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Assessment Summary Sheet

Contributory factor assessment for each assessed Airprox can be downloaded 

Number of Airprox reports assessed, and their ICAO Risk rating
Total Risk A Risk B Risk C Risk D Risk E
13 2 2 8 0 1
Assessed Airprox reports

Airprox

Aircraft 1 (Type)

Aircraft 2 (Type)

Airspace (Class)

ICAO

Risk

2021115

Spitfire (Civ FW)

Extra 200 (Civ FW)

London FIR (G)

C

2021118

Voyager (HQ Air Ops)

LS4 (Civ Gld)

Brize Norton CTR (D)

C

2021120

Socata TB10 (Civ FW)

PA28 (Civ FW)

Shoreham ATZ (G)

A

2021121

Prefect formation (HQ Air Trg)

C208 (Civ Comm)

London FIR (G)

C

Recommendation: That the MAA and CAA review conflicting Rules of the Air regulations with respect to formations of aircraft; specifically, Avoidance of Collisions within MAA RA2307 paragraph 9 and (UK) SERA.3210 Right-of-way.

2021122

EC155 (Civ Helo)

A109 (Civ Comm)

Silverstone ATZ

G

2021123

R44 (Civ Helo)

PA28 (Civ FW)

Gloucester ATZ (G)

C

2021124

Grob 109 (Civ FW)

C172 (Civ FW)

Lee-on-Solent ATZ (G)

B

2021125

H175 (Civ Comm)

AC11 (Civ FW)

London FIR (G)

E

2021126

Yak 52 (Civ FW)

PA28 (Civ FW)

London FIR (G)

B

2021127

P68 (Civ Comm)

Van’s RV9 (Civ FW)

Scottish FIR (G)

C

2021128

PA28(1) (Civ FW)

PA28(2) (Civ FW)

London FIR (G)

C

2021132

Defender (HQ Air Ops)

Spitfire (Civ FW)

London FIR (G)

C

2021135

Typhoon (HQ Air Ops)

Unk light-aircraft (Unknown)

Leuchars ATZ (G)

C

 

Consolidated Drone/Balloon/Model/Unknown Object Summary Sheet

Contributory factor assessment for each Drone/Balloon/Model/Unknown Object Airprox can be downloaded 

Number of Drone/Balloon/Model/Unknown Object reports, and their ICAO Risk rating
Total Risk A Risk B Risk C Risk D Risk E
6 1 3 1 0 1

Airprox

Number

Date

Time (UTC)

Aircraft

(Operator)

Object

Location[1]

Description

Altitude

Airspace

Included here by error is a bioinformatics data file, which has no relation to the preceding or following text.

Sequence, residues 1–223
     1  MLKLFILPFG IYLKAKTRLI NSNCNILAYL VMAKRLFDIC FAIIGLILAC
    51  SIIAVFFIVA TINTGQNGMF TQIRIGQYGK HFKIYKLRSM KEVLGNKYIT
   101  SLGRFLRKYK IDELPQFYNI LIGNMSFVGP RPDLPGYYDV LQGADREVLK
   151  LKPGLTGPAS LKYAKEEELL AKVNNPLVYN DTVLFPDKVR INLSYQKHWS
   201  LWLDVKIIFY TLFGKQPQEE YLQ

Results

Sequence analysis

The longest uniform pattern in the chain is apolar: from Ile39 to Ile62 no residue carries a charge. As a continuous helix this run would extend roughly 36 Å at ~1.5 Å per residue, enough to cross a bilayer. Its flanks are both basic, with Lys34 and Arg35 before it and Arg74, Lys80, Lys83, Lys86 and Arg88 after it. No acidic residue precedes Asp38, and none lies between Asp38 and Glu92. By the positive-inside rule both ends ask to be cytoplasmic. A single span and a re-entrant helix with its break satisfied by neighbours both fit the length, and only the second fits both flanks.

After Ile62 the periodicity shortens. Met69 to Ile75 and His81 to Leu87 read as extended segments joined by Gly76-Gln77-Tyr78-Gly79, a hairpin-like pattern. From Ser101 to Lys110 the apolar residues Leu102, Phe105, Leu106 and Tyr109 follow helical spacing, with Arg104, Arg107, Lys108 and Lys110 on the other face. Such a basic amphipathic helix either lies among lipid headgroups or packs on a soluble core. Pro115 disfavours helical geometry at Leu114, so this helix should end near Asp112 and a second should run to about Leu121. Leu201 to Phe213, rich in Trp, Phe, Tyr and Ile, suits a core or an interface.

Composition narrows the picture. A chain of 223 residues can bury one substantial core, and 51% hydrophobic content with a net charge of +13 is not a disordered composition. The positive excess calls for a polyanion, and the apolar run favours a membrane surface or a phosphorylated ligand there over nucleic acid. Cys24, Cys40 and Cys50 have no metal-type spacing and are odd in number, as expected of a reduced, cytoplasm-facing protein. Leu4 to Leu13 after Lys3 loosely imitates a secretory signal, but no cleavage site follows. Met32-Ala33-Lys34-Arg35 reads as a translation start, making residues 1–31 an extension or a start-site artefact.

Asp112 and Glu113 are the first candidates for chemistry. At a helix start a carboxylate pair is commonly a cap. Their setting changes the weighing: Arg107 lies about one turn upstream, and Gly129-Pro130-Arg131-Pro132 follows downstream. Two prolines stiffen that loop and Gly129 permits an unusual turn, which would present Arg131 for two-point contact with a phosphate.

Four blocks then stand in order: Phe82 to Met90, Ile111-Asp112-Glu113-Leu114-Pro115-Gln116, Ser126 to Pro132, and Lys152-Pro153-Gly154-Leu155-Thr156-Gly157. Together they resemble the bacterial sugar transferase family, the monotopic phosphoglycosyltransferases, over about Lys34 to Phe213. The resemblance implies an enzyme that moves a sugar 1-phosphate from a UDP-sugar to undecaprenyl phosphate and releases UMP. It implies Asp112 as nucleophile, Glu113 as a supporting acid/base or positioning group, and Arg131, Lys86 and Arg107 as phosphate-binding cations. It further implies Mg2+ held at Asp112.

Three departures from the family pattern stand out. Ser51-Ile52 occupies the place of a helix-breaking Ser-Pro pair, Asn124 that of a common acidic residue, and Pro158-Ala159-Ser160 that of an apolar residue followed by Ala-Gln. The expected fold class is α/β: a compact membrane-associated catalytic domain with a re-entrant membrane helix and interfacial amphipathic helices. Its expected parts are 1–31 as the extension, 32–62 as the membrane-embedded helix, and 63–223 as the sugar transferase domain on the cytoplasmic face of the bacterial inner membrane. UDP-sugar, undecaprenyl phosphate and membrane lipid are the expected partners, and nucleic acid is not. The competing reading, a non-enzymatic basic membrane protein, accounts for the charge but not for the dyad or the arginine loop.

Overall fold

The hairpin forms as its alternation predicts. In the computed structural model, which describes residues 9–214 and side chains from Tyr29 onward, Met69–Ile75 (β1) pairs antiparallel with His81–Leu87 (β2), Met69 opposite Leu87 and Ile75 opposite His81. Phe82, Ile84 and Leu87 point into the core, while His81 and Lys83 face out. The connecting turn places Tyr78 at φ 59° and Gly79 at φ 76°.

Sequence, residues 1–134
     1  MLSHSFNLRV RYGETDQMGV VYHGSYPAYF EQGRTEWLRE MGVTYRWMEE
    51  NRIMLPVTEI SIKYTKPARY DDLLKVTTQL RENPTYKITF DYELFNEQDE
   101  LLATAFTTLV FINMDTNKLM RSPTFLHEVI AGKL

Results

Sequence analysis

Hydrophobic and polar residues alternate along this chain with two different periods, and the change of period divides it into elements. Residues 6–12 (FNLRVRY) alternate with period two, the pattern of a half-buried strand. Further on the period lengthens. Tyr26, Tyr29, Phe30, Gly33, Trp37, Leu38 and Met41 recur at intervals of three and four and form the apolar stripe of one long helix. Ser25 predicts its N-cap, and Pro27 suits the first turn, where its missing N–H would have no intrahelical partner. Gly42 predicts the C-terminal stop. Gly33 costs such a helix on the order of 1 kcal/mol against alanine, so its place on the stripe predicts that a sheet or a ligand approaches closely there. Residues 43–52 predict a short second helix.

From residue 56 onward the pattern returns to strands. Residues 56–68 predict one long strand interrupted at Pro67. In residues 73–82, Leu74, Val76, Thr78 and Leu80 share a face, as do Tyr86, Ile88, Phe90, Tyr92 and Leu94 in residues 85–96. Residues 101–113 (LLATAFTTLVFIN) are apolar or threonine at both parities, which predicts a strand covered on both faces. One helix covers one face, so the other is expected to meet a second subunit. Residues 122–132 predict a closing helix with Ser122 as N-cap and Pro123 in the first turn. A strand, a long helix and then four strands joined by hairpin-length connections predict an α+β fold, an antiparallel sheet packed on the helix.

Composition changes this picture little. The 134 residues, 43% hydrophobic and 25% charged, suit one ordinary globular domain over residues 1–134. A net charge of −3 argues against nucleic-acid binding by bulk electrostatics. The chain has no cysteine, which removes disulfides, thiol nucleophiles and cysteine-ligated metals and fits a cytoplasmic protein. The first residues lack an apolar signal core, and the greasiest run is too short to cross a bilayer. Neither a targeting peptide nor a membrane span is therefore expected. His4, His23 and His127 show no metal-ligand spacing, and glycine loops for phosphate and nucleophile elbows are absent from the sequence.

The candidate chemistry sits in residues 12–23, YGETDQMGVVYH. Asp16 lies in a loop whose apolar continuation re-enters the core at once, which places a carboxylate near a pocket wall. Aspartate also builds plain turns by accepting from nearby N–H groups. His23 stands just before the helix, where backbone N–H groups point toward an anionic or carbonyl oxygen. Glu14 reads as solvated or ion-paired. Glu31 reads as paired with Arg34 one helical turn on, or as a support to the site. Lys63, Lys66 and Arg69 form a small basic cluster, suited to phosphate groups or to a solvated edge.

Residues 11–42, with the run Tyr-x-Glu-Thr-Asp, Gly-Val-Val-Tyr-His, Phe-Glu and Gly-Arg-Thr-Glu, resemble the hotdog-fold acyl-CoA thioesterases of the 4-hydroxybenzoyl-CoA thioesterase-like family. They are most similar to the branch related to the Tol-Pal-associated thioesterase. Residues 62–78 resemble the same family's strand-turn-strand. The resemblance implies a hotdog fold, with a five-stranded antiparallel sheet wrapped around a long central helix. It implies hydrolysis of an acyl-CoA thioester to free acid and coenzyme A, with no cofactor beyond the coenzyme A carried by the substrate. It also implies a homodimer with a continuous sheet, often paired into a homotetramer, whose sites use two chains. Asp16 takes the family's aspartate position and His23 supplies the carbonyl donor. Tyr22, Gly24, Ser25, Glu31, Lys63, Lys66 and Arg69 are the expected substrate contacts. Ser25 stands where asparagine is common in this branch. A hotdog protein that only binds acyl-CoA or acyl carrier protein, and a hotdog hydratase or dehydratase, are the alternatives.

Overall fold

(Class)

Pilot/Controller Report

Reported Separation

Reported Risk

Comments/Risk Statement

ICAO

Risk

2021219

22 Oct 21

1458

A319

(CAT)

Drone

5435N 00545W

Newtownards

4800ft

Belfast/City CTA

(D)

The A319 pilot reports descending through 4800ft when they saw a large, 4-engine ‘commercial type’ drone directly ahead, at a range of 200-300m, moving right to left and below their level and which they were descending directly towards. The drone was positioned slightly left of the aircraft centreline, almost directly ahead and the crew were going to respond when the drone manoeuvred out of the way. However, the incident happened very quickly and it was felt that any avoiding action taken by the crew was likely to have been unsuccessful due to the position of the drone and aircraft inertia. Risk was briefly very high, but because the drone seemed to be flown in such a way as to avoid collision, the risk reduced. The crew reported the Airprox both by radio, at the time of the event, and after landing.

 

Reported Separation: 50ft V/30m H

Reported Risk of Collision: Very high

In the Board’s opinion the reported altitude and/or description of the object were sufficient to indicate that it could have been a drone.

 

Applicable Contributory Factors: 1, 2, 3, 4, 7

 

Risk: The Board considered that the pilot’s overall account of the incident portrayed a situation where safety had been much reduced below the norm to the extent that safety had not been assured.